Southern hip-hop producer Robert Earl Davis, known in the hip-hop community as DJ Screw, was found dead in his Houston studio Thursday, according to the Houston Chronicle. No cause of death has been determined for Davis, who was 29.
Davis pioneered a unique production style — known as "screwed," or "screwed down" music, which involved slowing songs to half-speed or less. Though his own albums — including last year's All Work No Play — were not big sellers, Davis was better known for his style and his remixes, many of which were traded over file-sharing community Napster.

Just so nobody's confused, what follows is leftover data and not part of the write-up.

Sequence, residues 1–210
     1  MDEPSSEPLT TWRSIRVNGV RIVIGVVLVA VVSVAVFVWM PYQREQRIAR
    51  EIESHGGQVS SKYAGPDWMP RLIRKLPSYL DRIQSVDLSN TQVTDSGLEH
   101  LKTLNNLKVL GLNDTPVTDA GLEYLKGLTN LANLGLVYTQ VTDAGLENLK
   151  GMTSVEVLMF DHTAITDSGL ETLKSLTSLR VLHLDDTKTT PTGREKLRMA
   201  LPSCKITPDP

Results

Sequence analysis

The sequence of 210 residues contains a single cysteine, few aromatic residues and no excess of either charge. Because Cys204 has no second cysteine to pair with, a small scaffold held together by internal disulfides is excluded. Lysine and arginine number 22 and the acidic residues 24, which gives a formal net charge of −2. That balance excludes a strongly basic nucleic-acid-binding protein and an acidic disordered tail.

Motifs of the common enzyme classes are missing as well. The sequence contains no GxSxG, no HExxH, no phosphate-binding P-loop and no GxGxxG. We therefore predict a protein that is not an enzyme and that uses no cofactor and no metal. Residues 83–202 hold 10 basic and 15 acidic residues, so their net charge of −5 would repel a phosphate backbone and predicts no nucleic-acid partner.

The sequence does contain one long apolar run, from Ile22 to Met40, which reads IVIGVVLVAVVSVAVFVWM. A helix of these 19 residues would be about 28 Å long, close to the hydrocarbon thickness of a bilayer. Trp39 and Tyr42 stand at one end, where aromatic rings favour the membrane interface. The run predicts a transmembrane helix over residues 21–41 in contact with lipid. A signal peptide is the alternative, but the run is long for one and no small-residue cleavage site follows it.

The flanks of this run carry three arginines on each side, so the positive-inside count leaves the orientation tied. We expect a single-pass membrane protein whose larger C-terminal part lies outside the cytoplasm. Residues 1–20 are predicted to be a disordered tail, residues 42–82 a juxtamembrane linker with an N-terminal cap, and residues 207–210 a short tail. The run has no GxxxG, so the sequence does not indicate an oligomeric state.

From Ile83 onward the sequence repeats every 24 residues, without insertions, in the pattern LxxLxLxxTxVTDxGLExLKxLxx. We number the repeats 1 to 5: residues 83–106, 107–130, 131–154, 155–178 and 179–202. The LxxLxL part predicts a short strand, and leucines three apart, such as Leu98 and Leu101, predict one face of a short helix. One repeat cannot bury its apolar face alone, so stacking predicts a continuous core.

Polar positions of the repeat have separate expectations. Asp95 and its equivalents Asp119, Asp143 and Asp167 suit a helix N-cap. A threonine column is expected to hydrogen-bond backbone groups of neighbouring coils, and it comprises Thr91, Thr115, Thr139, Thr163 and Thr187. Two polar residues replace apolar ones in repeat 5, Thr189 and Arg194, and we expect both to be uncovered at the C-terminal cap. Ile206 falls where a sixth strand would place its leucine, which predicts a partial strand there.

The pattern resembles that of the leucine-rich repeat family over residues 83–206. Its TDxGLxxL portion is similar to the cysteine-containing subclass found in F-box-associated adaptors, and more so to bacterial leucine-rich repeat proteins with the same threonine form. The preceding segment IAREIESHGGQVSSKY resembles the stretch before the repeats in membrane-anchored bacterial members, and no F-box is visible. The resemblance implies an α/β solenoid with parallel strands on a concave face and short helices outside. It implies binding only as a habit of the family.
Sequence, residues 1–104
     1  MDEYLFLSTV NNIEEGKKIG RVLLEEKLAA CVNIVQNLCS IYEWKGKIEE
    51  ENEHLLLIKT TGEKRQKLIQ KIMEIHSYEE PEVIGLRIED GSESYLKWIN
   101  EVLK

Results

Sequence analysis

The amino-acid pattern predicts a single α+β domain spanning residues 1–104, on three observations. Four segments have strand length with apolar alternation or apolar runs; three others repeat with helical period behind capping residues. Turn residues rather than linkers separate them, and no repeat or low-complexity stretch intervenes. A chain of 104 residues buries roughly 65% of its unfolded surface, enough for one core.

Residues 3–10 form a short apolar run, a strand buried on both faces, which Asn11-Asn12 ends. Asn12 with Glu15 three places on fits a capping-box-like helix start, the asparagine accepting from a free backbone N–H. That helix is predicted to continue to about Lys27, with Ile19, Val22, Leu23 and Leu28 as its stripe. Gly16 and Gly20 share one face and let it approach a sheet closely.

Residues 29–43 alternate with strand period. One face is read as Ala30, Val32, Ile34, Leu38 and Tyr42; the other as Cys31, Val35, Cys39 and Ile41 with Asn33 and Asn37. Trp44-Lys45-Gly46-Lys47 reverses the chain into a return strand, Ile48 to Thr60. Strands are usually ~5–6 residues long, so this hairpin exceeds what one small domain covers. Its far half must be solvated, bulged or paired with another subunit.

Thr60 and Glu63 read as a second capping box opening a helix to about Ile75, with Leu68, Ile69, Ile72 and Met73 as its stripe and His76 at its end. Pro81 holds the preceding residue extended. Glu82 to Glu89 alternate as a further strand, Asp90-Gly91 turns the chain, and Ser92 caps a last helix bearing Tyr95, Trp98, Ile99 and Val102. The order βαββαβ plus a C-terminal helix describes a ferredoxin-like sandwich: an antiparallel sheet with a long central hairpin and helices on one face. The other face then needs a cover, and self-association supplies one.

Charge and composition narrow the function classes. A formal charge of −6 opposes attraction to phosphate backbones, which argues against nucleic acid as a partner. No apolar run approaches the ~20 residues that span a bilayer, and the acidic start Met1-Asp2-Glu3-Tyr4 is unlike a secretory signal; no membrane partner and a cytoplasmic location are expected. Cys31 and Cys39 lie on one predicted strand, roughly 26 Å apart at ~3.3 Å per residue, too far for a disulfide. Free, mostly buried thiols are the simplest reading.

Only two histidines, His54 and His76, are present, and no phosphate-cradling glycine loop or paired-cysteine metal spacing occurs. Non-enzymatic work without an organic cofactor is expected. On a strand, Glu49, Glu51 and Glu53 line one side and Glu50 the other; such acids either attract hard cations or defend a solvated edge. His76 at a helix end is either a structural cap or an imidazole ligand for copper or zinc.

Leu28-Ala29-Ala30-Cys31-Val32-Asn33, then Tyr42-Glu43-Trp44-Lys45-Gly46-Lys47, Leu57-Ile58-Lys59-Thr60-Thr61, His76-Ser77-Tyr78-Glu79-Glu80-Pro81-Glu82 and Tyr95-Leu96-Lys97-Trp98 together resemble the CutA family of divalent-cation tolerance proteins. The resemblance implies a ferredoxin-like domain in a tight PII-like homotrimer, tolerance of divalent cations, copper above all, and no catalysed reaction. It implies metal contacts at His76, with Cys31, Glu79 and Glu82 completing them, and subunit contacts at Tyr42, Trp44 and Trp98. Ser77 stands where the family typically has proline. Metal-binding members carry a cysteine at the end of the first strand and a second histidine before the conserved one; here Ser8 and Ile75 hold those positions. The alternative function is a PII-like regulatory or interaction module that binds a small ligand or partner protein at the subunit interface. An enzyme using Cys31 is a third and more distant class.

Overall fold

A "screwed" version of Outkast's "Stanklove" appears as a hidden track on the group's Stankonia, the No. 2 album in the country on this week's Billboard charts. Last year, Memphis, Tenn.'s Three 6 Mafia showed his influence on the hit "Sippin' on the Syrup." He distributed many cassette tapes, and numerous bootlegs of his are exchanged on Napster.
The slowed-down remixes are said to be the equivalent of "stoner rock" in the rap genre. Police have speculated to the media that Davis may have died from a drug overdose, though they have not given reasons and are still awaiting results from toxicology tests.
A Houston-area rap promoter, who calls himself Lump, told hip-hop magazine the Source that DJ Screw's sound helped invigorate Southern rap. "[He would] put an a cappella over three or four instrumentals at the same time, slowed the pitch up and made you feel the South!"